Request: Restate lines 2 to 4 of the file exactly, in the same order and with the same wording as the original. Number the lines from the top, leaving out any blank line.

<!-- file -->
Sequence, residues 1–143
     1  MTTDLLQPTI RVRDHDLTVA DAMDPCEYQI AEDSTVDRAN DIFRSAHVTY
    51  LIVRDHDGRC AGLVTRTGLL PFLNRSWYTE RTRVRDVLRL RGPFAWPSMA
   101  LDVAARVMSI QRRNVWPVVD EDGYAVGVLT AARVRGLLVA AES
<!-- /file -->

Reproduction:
     1  MTTDLLQPTI RVRDHDLTVA DAMDPCEYQI AEDSTVDRAN DIFRSAHVTY
    51  LIVRDHDGRC AGLVTRTGLL PFLNRSWYTE RTRVRDVLRL RGPFAWPSMA
   101  LDVAARVMSI QRRNVWPVVD EDGYAVGVLT AARVRGLLVA AES